I want to suggest that what Jesus is really passing on to people is his mystical experience of the God he calls “Father”. He passes on, like a virus that heals, his God-realization, his God-fullness that creates self-transcendence over the limitations of family, culture, politics, and poverty.

In short, by initiating us into his experience whereby we know God as “Our Father”, not “MY Father”, he is bringing us into the eternal reality of Divine Community.

So Jesus doesn’t give away any “thing”, like money, houses, clothes, or jobs, but rather he opens the door to the Community of Divine Love that transcends  all human obstacles to happiness. On the road to Damascus Paul is brought into the mystical experience of Jesus so that he can say, “I no longer live, but Christ lives in me, and the life I live in the body I live within the faithfulness of the Son of God, who loved me and gave himself for me.” Galatians 2:20

Therefore, Paul, living in Christ, creates communities of Divine Love around Greece and Turkey. He says that when we are brought into the experience of Jesus we too will know that community in which “There is no longer Jew or Greek, there is no longer slave or free, there is no longer male and female; for all of you are one in Christ Jesus.”

Theologian Jurgen Moltmann says: “Inequality in human society is hindering God’s revelation: the ‘Beloved Community’ “hastens redemption. The true alternative to poverty is not prosperity; the true alternative to poverty and prosperity is community.” Reading the Gospel with Karl Barth, page 13

This beloved community is what Jesus calls the Kingdom of God.

And we notice, like his first followers, that Jesus isn’t an expert. He isn’t an expert in the Bible, like the Scribes or an expert in institutional religion like the High Priest or an expert in violent revolution like the Zealots; and he isn’t an expert self-help guru who makes our lives just a little bit easier.

No, Jesus is the fully God-realized human being who transmits his God-realization experience to us in order to create the Universal Community of Divine Love.

So when we come to church just looking to Jesus for “things” we are aiming way to low. Joel Goldsmith uses the analogy of an orange: Imagine that what you want from God is an orange: money, health, forgiveness, a healthy relationship, inner peace is the orange you are seeking. And it is wonderful when you get this orange. But mostly we don’t get it as our prayers often go unanswered. Maybe we think we have to pray harder or be a better person or find a better church.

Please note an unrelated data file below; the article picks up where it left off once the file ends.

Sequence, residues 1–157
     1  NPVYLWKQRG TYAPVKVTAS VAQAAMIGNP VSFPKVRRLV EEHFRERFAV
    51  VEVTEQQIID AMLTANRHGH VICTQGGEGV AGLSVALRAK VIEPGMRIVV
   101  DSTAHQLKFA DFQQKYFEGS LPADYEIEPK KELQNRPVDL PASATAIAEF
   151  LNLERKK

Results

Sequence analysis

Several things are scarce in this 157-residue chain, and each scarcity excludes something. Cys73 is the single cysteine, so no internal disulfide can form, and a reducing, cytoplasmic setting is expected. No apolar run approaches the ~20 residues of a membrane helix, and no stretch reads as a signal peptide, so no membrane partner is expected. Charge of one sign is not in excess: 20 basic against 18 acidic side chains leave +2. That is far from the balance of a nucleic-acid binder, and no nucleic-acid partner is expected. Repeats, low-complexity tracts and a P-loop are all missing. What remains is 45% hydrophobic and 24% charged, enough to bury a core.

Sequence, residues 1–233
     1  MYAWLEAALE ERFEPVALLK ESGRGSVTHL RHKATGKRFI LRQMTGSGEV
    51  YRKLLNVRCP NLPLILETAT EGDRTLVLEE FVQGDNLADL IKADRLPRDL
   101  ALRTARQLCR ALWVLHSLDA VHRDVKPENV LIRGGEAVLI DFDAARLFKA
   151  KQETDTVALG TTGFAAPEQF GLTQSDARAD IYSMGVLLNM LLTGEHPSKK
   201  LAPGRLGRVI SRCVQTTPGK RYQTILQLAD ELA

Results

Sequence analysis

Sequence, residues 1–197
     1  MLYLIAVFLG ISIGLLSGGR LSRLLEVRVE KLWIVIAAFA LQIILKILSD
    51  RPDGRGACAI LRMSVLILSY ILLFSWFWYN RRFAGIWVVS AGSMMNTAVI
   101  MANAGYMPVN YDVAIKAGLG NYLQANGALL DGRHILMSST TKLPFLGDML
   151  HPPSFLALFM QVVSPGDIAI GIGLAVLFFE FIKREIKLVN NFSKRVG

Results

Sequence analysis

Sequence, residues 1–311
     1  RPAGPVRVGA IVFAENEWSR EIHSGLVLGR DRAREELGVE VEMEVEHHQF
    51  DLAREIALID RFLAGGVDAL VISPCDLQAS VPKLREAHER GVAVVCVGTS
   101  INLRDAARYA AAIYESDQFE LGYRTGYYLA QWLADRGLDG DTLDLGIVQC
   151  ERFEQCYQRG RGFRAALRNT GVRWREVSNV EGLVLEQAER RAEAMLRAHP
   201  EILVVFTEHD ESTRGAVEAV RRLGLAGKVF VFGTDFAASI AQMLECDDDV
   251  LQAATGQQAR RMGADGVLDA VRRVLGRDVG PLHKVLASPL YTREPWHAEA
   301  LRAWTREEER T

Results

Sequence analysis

But what we really need is not the orange—what we need is that which produces the orange, that is, we need an orange tree. The orange tree is Jesus’s experience of “Our Father/Our Mother”. The orange tree is the experience of the Mind of Christ. When we grow in God-realization in the Body of Christ the tree produces the fruit of the Spirit.

 So this is why Jesus tells us to “seek first God, and God’s faithfulness, and all these things will be added to you.”

To paraphrase C. S. Lewis: Seek God-realization and you get earth thrown in. Seek earth and you lose both.

Jesus, full of God, the Spirit, brings good news to the poor.

If we cannot yet see the poverty in our lives, Jesus is patient, while life makes our inner poverty manifest.

And when we know our need, let us not settle for lesser things, like the rich man who spent his whole life working for wealth and then found a way to bring a suitcase full of gold bars to the Pearly Gates, only to have St Peter ask him why he brought paving stones to heaven.